“storyline can be an effective means of communicating the whole counsel of God when the key concepts and commands arising from the storyline itself are also explicitly noted and highlighted. An adequate proposal for a center to biblical theology, or more preferably, to use the language of Acts 20:27, a sufficient summary of the whole counsel of God, will link these elements together—plot, theme(s), responsibilities—in its formulation.” (404).

3.3 Two Important Precedents

“there are two important precedents for this fusion of plot, theme, and responsibility as a way of summarizing scripture to be used as a heuristic tool by God’s people. The first comes from Jesus himself, the second from the early church.” (405)

3.3.1 ““Thus it is written, that the Christ should suffer and rise again from the dead the third day; and that repentance for forgiveness of sins should be proclaimed in his name to all the nations, beginning from Jerusalem” (Luke 24:45–47). Note two things: (1) Jesus presents a concise summary of “the scriptures,” offering what could be considered the core of what “is written.” (2) This core consists of a plot (the story of Christ’s suffering, death, and resurrection, and a proclamation beginning in Jerusalem and moving outward), a theme (repentance for the forgiveness of sins), and responsibilities (repentance, proclamation).” (405)
3.3.2 “second, ante-Nicene theologians (esp. tertullian and irenaeus) spoke of a “rule of Faith,” which they viewed as being both derived from and serving deeper reflection on scripture.” (405)

“The rule of Faith offers four important parallels with the present proposal.
First, it seeks to offer a narrative digest of scripture.
Second, it combines plot (moving through creation, fall, redemption, and restoration), themes (creation, sin, salvation, etc.), and responsibility (as a creedal statement).
Third, it was used as a kind of framework or guide for further fruitful reflection on scripture, a kind of heuristic lens through which the people of God may discover truth.
Fourth, as Paul Blowers has argued persuasively, ante-Nicene theologians were not interested in using the rule merely as a useful guide for biblical instruction and interpretation or as a way to fend off error, but also in the formation of Christian identity, that is, in shaping believers’ “storied” existence as themselves part of the biblical story. In other words, the rule of Faith was formulated and passed on within the context of pastoral care for the people of God.” (406)

4. The Process of the Search

4.1 Validation Tests for Selecting Key Points

Citing Beale:

“Proposals for a center must be
(1) “more overarching” than other proposals;
(2) related to the other major themes of the NT;
(3) “integrally related to major old testament themes,” resting ultimately upon “a broad storyline” and rooted in Christ; and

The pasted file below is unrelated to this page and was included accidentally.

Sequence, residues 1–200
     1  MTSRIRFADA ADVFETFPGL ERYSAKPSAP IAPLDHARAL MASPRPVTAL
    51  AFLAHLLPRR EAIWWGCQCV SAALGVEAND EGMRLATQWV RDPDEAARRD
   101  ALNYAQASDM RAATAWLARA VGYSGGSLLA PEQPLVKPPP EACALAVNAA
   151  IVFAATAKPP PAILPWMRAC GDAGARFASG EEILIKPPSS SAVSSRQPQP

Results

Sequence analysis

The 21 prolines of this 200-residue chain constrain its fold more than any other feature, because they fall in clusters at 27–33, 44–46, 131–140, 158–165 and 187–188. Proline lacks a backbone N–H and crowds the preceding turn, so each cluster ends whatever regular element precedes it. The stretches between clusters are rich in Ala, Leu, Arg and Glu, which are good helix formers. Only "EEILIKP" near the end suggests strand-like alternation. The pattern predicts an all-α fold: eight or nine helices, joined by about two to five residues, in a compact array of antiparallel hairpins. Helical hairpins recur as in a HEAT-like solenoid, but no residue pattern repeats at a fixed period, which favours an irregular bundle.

(4) individually examined.

These four tests can be condensed into two broad criteria: comprehensiveness and integral relationship to the major themes of scripture, especially the Bible’s plot-line and the death and resurrection of Christ.” (407)

4.2 Objections:

4.2.3 historical and cultural factors result in the identification of “major” themes
Answer:
some themes are consistently identified across cultures and history

4.2.4 “the idea of comprehensiveness might be rejected on two fronts:
(1) there is no basis for relegating some elements of scripture to mere sub-categories under other more comprehensive themes, and
(2) even if there were a basis, it is extremely difficult to know what to subordinate under what.” (408)

Answer to the first: this criticism can be applied to any proposal that recognizes a cluster of broad or major themes, since even if they reject a center they are nevertheless presenting a hierarchy of themes.
Further,
1)   selectivity is inevitable
2)   complaining that some things are at the margin while others are central is more a description than a criticism
3)   those who criticize proposals for the center should do so on other grounds: for instance, that all themes should be treated equally, that another proposal is better, or that some passages contradict the proposal.
4)   Scripture itself prioritizes some parts of the Bible over others—e.g., weightier matters of the law (Matt 23:23), Micah 6:8, greatest commandment, Jesus’ claim that the Scriptures testify to him.

Answer to the Second: Factors to help us in the search:
1. “repetition and representation in diverse portions of scripture, while certainly not sufficient in and of itself, is a significant consideration.
2. Climactic portions of the biblical narrative would be key places to identify clusters of important events and ideas.
3. Integral relationship with other major themes has been shown to be a valid area for examination.
4. And related to this is whether or not parallel suggestions have been made in the history of interpretation, which could be either different expressions of or perspectives on a substantive core, or the seed form of something one is trying to develop.” (409)

Purposes and agendas cannot be denied and should be acknowledged up front (410).

5. Conclusion

“What basic, general hermeneutical lens ought we to provide for the people of God? Perhaps we might suggest the following: The triune God is actively engaged in increasing (and incarnating) his presence among his people, a presence that entails for his people the responsibility of worship, in the fourfold story of creation, fall, redemption, and consummation.” (412)

The whole essay is here.